I have been thinking a lot about spirals too recently, but my attention span is so short, they never really go anywhere…my thoughts I mean…or maybe they are just spiralling back around on a very short spiral…yikes, that was bad, sorry.

      Liked by 2 people

      • thank you Vanessa. I read that and yes as a physicist myself all things abstract attract and affect my thoughts. just today I had the same thoughts about defying time. its serendipity to now read your link here. your thoughts are very clear. I believe there’s a wealth of ideas in you and its only a matter of sorting it out. no worries I am along side you. my thoughts are a jumble more often than I care to admit. our life is made up of spirals. if we look with a keen eye we’ll get the connection. I read this after Joshua passed and it gave me clarity and much comfort. https://www.npr.org/templates/story/story.php?storyId=4675953

        Liked by 2 people

      • Hi Gina, although I’m the third wheel in this conversation, I’m imagining stacks of spirals intersecting each other. I couldn’t open the link so I have removed it, sorry. I like to check links on my blog pages. Please feel free to contact me if you have another link you would like me to add in.

        Liked by 1 person

      • Hi Gina and possibly Vanessa, I put the working link into your comment now. It’s inspiring and fascinating and I have a few comments of my own, as usual.🤓

        There is one sweeping statement I don’t agree with: “… they should not have faith.” Faith is whatever we choose to believe without proof, and I think there is too much out in the multiverse to rule out faith.

        The idea of all that information out there somewhere is important, and I think it also sets the arrow of time: the past moves to the future because of incoming “random” information. Human life from birth to death is embedded in time, and it makes us who we are. But beyond that short interval, when our conscious time is stationary, external time still ticks, in this universe and perhaps in others, perhaps to infinity, perhaps to a number of infinities. How many scientific possibilities are there in these soft infinities, and does it have anything to do with us? Answers: quite a few/yes.

        Now, if only I wasn’t so lazy, I could finalise my blog posts on these topics, but unfortunately…

        Liked by 2 people

      • thank you for putting that link in Steve and thank you so much for joining our little discussion on your post!
        that line did bother me when I first read it because my faith is my foundation, then I looked up the word “faith” and it’s as you quoted it, choosing to believe without proof and I reconsidered my irritation. I saw it differently for a moment, we don’t need faith, the writer is right, not the faith I first thought he meant, the faith in God or powers that be, a religion or set of beliefs that give us moral compass. To me the writer saying we did not need faith meant we already have proof that our loved one is not totally gone from this universe, they are there in a different form, one we may not see but still present in our lives, energy doesn’t disappear, it just transforms.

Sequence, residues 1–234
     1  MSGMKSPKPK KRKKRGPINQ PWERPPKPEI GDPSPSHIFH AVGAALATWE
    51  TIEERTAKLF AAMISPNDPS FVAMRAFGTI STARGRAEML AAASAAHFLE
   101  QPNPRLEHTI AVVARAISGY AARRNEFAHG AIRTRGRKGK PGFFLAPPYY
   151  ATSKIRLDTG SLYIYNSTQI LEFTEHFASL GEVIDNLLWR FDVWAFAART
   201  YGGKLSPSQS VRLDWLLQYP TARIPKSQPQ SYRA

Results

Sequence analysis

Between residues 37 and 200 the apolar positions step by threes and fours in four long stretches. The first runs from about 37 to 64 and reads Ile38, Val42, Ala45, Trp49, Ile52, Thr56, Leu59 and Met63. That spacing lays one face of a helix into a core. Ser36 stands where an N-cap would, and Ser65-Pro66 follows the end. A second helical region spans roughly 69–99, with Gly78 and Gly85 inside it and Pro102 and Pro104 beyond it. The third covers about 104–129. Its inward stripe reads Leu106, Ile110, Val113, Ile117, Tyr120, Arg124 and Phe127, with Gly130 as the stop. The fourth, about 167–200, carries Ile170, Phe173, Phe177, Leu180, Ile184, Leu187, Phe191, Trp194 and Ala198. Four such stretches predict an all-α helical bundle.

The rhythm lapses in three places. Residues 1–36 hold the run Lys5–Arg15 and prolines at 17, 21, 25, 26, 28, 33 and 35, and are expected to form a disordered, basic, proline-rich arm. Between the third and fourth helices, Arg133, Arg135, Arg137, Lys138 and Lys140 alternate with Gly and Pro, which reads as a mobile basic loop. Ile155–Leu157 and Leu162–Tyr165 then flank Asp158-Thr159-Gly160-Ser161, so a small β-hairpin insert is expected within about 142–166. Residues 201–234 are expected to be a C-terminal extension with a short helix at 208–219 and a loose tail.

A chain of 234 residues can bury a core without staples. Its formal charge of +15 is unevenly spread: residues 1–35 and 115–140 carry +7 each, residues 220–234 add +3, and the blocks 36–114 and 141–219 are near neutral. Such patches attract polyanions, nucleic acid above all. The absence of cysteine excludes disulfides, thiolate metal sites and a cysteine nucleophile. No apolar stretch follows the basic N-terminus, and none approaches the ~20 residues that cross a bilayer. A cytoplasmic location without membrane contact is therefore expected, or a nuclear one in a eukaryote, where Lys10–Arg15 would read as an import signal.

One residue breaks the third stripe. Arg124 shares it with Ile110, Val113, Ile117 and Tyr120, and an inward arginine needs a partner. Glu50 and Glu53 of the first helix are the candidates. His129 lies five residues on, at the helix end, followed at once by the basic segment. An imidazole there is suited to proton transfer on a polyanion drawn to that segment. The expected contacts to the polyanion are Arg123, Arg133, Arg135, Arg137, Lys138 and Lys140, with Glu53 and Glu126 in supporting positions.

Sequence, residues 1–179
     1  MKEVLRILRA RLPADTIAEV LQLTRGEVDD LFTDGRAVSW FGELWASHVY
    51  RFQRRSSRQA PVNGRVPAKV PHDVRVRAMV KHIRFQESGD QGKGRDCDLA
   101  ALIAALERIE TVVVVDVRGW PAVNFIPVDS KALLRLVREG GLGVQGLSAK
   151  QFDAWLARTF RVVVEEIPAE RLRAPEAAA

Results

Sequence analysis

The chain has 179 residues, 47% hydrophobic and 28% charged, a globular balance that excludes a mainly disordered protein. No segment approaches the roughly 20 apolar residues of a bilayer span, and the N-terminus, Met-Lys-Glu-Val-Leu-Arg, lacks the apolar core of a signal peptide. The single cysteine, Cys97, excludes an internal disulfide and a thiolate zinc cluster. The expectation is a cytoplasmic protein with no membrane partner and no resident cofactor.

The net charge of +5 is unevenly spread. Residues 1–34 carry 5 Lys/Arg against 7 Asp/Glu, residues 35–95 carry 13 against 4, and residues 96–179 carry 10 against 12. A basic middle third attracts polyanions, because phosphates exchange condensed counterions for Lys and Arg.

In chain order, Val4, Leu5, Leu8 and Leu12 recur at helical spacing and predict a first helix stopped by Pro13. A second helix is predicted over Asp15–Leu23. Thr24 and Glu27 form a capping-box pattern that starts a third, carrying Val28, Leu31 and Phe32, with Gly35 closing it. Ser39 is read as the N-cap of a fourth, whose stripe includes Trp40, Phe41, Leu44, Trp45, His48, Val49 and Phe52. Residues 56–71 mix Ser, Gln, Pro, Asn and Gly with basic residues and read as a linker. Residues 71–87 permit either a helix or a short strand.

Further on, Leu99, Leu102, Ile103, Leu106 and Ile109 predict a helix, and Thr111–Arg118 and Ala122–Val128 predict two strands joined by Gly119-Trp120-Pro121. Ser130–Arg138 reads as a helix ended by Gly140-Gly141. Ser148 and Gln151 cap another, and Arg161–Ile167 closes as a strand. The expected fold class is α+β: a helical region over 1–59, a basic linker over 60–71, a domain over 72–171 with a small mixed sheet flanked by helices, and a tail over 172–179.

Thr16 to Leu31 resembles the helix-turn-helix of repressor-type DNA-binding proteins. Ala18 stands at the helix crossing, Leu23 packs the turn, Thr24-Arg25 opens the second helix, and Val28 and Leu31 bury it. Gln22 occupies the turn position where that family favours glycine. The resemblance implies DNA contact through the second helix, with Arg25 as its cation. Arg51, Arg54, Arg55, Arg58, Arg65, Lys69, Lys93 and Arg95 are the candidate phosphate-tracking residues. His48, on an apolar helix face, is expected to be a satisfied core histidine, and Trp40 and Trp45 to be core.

And I love your further discourse on human life and time because it ran parallel with that article, and ironically I wrote a poem yesterday and I felt the effect of timelessness and living in infinity, we continue, long after our bodies rot, we continue like the photons that bounce, unseen but present. We create the shivers and the dejavus, we superimpose on light beams.
        I wish you weren’t so lazy and write more about these soft infinities, because the universe must speak through you.

        Liked by 2 people

      • Lovely thoughts, Gina. I agree, there are many kinds of belief without proof, many kinds of faith. I have faith in the goodness of people and even in myself sometimes. 😄 Thank you, Gina, and I also wish I wasn’t such a laziness, but I find I am unable to fight it. 😸

        Liked by 1 person

      • Hi Vanessa

        I apologise for withholding your comment until I checked the link. As you know, time travel is a topic which is dear to my heart and I wanted to make sure it made sense. I wouldn’t say you were behind with time travel, the article is a little misleading.

        In the quantum realm, time has no direction, the past is the same as the future, and the bilking paradox where you travel into the past and create a contradiction does not exist (there is no problem with time travel into the future, we do it all the time). In fact, in the quantum realm, it is possible on a very small scale, that “future” events affect the “past.” I’ve also read that large scale wormholes of the kind suggested would be unstable. I should mention that my own calculations show that there might be severe oscillations of reality associated with time travel into the past if it were possible in the normal world.

        Okay, that’s enough of that, sorry about all the technical, and I appreciate it has nothing to do with your conversation.🤓 I really should write it up on the blog. Conscious time may circle, spiral, and dance the rhumba, but for ordinary time, I agree with the Rubáiyát of Omar Khayyám:
        The Moving Finger writes; and, having writ,
        Moves on: nor all thy Piety nor Wit.
        Shall lure it back to cancel half a Line,
        Nor all thy Tears wash out a Word of it.

        Liked by 1 person